The BSCA incorporated in the 1970s in sisterhood with Tateyama, Japan. As part of Sister Cities International, they followed the example of Seattle’s sister city relationship with Kobe, Japan.
“Eisenhower started the program after World War 2,” says BSCA president Ross Grier. “It’s a peace movement, really — we’re in pursuit of world peace through what is termed ‘citizen diplomacy.’ So, you’re a citizen, I’m a citizen, and we conduct diplomacy that builds friendship and understanding across international borders. Eisenhower used it as a tool for cities to have relationships with cities after the war to help us lick our wounds and become friends again.”
Bellingham has since established six more sister cities: Vaasa, Finland; Nakhodka, Russia; Cheongju, South Korea; Port Stephens, Australia; Punta Arenas, Chile; and Tsetserleg, Mongolia. Together with Bellingham, these cities share educational and recreational programs, friendships, and a common interest in world peace.
Sister City Programs
The BSCA assigns one chairperson to each sister city and establishes coordinators for major programs. These have included the school pen pal exchange and summer camp with Cheongju, orchestral performances with Vaasa, and the Tateyama Friendship Garden — which has adorned the Bellingham Public Library since 1958.
“We have two beers, and a third one is going to get brewed here in the next year with Vaasa, Finland,” says Grier. “So there’s a beer czar position, as well. The whole point is to build awareness about the existence of cities with different cultures that we can be friends with.”
The BSCA’s annual Peace Grant, one of its most important programs, proposes opportunities to improve relationships between Bellingham and any of its sister cities. During the Ski to Sea race and parade, the BSCA recruits athletes and arranges homestays.
“Say we have a marathon program in Port Stephens, Australia,” Grier says. “Our runners will stay with a family in Port Stephens. And the same thing — when Port Stephens comes here to run a marathon in Bellingham, they homestay here. And it’s that homestay experience where citizen diplomacy really happens — it can result in lifelong friendships.”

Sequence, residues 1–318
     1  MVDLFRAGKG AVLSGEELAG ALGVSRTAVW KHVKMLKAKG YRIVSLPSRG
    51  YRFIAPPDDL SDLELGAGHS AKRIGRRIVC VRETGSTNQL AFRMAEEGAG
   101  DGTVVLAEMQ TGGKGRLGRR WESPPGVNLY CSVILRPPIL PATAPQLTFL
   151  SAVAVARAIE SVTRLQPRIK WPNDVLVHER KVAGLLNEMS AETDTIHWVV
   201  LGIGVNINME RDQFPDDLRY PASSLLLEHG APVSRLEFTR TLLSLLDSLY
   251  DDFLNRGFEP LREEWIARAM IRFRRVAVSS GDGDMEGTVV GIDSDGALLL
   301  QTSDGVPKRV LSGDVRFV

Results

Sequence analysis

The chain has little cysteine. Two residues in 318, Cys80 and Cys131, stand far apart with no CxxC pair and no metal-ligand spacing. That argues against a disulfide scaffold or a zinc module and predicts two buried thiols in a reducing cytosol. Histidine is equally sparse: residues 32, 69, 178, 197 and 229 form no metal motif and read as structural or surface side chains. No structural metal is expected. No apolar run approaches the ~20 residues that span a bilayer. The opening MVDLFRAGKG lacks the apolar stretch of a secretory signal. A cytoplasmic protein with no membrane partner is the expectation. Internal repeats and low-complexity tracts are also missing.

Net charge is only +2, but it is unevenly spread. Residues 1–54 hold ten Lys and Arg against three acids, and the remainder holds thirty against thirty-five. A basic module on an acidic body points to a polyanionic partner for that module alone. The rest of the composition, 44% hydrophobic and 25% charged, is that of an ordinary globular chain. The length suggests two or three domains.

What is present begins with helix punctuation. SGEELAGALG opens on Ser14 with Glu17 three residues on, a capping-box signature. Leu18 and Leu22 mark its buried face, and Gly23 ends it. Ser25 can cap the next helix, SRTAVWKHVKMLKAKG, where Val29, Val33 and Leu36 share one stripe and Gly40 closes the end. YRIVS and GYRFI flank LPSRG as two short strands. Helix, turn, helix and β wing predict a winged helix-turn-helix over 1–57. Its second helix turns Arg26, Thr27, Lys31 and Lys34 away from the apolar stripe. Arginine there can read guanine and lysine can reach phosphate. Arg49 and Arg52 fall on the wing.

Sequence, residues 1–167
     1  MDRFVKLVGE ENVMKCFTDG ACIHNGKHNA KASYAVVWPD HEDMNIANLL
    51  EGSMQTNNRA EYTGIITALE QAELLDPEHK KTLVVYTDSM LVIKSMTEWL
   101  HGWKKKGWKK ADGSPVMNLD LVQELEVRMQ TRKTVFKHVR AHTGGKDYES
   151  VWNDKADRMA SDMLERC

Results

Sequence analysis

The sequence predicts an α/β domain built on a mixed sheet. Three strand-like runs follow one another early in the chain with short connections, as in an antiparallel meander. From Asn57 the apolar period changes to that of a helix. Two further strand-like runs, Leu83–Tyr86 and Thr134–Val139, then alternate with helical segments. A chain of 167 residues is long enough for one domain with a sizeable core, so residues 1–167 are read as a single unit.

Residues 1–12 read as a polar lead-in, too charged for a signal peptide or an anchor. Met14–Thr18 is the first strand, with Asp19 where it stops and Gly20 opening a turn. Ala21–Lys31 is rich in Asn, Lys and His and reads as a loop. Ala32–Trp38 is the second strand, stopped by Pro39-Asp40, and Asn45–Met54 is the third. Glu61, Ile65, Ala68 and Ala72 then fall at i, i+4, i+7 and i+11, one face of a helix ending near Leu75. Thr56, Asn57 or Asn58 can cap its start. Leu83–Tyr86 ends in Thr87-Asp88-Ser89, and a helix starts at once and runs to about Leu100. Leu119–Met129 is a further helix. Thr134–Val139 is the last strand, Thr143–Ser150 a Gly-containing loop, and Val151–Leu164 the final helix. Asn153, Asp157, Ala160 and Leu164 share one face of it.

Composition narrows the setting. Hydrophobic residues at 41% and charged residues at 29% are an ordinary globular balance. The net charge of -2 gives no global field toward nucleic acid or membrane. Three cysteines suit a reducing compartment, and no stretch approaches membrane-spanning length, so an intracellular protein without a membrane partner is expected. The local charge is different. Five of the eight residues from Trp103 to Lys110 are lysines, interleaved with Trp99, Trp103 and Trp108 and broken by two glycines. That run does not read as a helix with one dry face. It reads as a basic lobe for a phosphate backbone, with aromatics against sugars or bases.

BSCA has also arranged a “civil servant exchange” where city staffers of Bellingham and its sister cities collaborate to solve problems facing their communities.
Citizen Diplomacy in Action
With BSCA membership, Bellingham locals can explore a world of cross-cultural education.
“The other important thing that the Sister Cities Association provides to Bellinghamsters is a chance for them to get back into a previous international experience they may have had,” says Grier. “Like you, in college, may have gone to Spain and you got a little bit of Spanish in you. You may be interested in joining the association and being part of the Punta Arenas, Chile, subcommittee, where the relationship is a Spanish language-based exchange.”
Other cultural enrichment and volunteer opportunities include “Ikebana: The Art of Japanese Flower Arrangement” workshops with Noriko Sharik, Ski to Sea leadership roles, and Tateyama Friendship Garden improvements.
“If you’re interested in one of our sister cities, you can join that city’s support group headed by that city’s chair,” says Grier. “If you’ve got an interest in Russian affairs, you can join the Nakhodka city support team and work with Derek Moscato, who’s a Western Washington University journalism professor. He’s our Nakhodka, Russia, city chair.”
Community members can support the BSCA, a 501(c)(3) nonprofit, through donations or the $25 membership fee on their website.
Bellingham on the World Scale
The influence of Bellingham’s sister cities can be seen in everything from Aslan Brewery’s Tateyana label to lasting friendships from homestays.
“Living proof of that is a decade ago, when a team of South Korean Cheongju citizens came here for Ski to Sea,” says Grier. “I make a point of putting everybody on the spot in front of everybody at the farewell dinner and say, ‘What did you get out of this trip?’ This housewife that had come all the way over here was just in tears with how moved she was that people as distant as Bellingham, Washington, can be such heartfelt genuine friends. In spite of language, in spite of culture, in spite of age. For that woman, it was: We are all the same in the end.”
Although policy-based movements may advance the cause of world peace more directly, the sister city movement provides a solid foundation of hope and understanding.
“It’s a feel-good thing if you just want to do the right thing,” Grier says. “Join up, and magic will happen — I’ve been witness to that.”